The striper fishing should be picking up. Traditionally, schools would group up in Cape Cod Bay in early September, and build through the month before running through the Canal. That seems to be happening, so despite the slower-than-normal striper fishing on Cape Cod this summer, there’s still reason to be optimistic for the fall run.

21 on “Cape Cod Fishing Report – September 3, 2020

  1. Joe mack

    Its 9/3/20 and the commercial fleet has just 38% of the quota. Why? Because the bass aint there any more. The conservation powers that be afe adding another catch day to further deplete the biomass that is in deep trouble. Where the hell is your input? CRICKETS!!! We recs are yhe ones that support your organization, not the commies. We need you to grow a pair and stand up for us . Yes you Chris,you Jimmy,you Kevin,you Andy, and the rest of you at OTW. Take a stand!!!

    1. Bill from Falmouth

      Totally agree with you, Joe, both on the lack of state controls here and the lack of advocacy from OTW. Seriously. I have fished this area since 2007 and the drop off in striper stocks has been dramatic. Just close the darn fishery down for a couple years, meaning no keepers from Viriginia to Maine. The commercial striper guys are not the usual garden variety commercial fisherman, for the most part. They are folks who get a license and then supplement their income – not all but most. Just close it down before it gets more overfished than it already is. And by the way, those 50,000+ harbor seals and gray seals lurking the outer Cape ain’t helping matters either.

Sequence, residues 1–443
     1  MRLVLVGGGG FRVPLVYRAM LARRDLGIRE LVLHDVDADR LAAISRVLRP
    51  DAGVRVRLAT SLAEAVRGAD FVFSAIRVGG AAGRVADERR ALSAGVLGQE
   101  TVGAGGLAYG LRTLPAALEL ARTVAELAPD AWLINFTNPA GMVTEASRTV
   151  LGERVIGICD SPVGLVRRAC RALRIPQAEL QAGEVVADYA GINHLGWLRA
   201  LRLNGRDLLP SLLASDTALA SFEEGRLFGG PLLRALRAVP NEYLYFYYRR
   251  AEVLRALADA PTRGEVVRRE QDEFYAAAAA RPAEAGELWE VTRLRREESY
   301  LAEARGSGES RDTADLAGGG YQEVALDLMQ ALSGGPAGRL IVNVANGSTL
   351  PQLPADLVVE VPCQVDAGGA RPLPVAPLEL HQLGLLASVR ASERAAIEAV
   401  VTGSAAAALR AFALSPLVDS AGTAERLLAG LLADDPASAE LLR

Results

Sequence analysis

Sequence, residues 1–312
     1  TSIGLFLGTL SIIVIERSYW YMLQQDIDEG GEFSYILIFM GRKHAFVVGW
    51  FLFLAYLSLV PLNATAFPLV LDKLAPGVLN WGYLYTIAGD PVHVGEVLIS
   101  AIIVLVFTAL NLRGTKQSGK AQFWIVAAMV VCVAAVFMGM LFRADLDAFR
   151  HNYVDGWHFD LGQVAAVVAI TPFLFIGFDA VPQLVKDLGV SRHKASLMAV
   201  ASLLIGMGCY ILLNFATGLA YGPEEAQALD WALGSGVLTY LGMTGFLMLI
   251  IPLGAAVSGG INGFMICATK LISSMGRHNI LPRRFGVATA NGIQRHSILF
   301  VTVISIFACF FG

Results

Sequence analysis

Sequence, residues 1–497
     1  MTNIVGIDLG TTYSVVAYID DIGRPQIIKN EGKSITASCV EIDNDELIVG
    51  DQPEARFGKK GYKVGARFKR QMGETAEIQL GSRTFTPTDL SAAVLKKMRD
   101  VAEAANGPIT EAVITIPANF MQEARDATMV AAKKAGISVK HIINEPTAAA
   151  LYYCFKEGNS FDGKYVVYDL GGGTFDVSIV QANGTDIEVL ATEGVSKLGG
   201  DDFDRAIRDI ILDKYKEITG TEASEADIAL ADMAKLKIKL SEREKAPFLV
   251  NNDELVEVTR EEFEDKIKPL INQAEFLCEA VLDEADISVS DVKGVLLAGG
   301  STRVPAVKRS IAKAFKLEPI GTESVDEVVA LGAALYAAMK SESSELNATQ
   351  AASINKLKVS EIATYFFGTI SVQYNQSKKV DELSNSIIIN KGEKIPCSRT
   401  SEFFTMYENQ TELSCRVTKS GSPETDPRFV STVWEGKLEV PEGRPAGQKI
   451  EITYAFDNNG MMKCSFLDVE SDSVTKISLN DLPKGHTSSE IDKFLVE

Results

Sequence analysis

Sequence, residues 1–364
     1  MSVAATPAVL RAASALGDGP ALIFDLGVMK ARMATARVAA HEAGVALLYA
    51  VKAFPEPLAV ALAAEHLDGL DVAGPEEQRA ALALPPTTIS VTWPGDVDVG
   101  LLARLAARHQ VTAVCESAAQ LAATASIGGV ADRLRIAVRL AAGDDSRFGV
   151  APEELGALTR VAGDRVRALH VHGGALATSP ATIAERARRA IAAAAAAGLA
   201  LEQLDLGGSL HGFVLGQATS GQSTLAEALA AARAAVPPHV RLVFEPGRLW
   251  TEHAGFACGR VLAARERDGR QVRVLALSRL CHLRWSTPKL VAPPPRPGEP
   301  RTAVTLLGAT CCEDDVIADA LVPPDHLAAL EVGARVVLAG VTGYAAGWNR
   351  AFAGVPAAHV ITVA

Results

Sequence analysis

1. TL

        Agree 100%. Many Striper “comms” I’ve talked to are wealthy center console owners who have no need for the small supplemental income a few stripers brings in. More likely they do it for the tax write offs. Regardless, adding comm days to fill an unfillable quota is ludicrous. Adding to that are the charter boats where every slot fish is kept except where the few conservation minded captains strongly advise against it. I’ve always practiced catch and release fishing the surf 5 days a week and my usual honey holes haven’t produced a single fish over 30″ where they used to produce multiple fish over 40″. The crash isn’t coming, it’s here and our fisheries management is responsible along with publications like OTW for not doing enough with their platform. This is one of the reasons my fishing circle and I let our subscriptions expire.

    1. Jimmy Fee

      Sporadic reports of stripers at Monomoy, but the fishing, at least for larger fish has been inconsistent. Tuna fishermen using live bait have been catching occasional stripers farther off the beach.

  2. Dave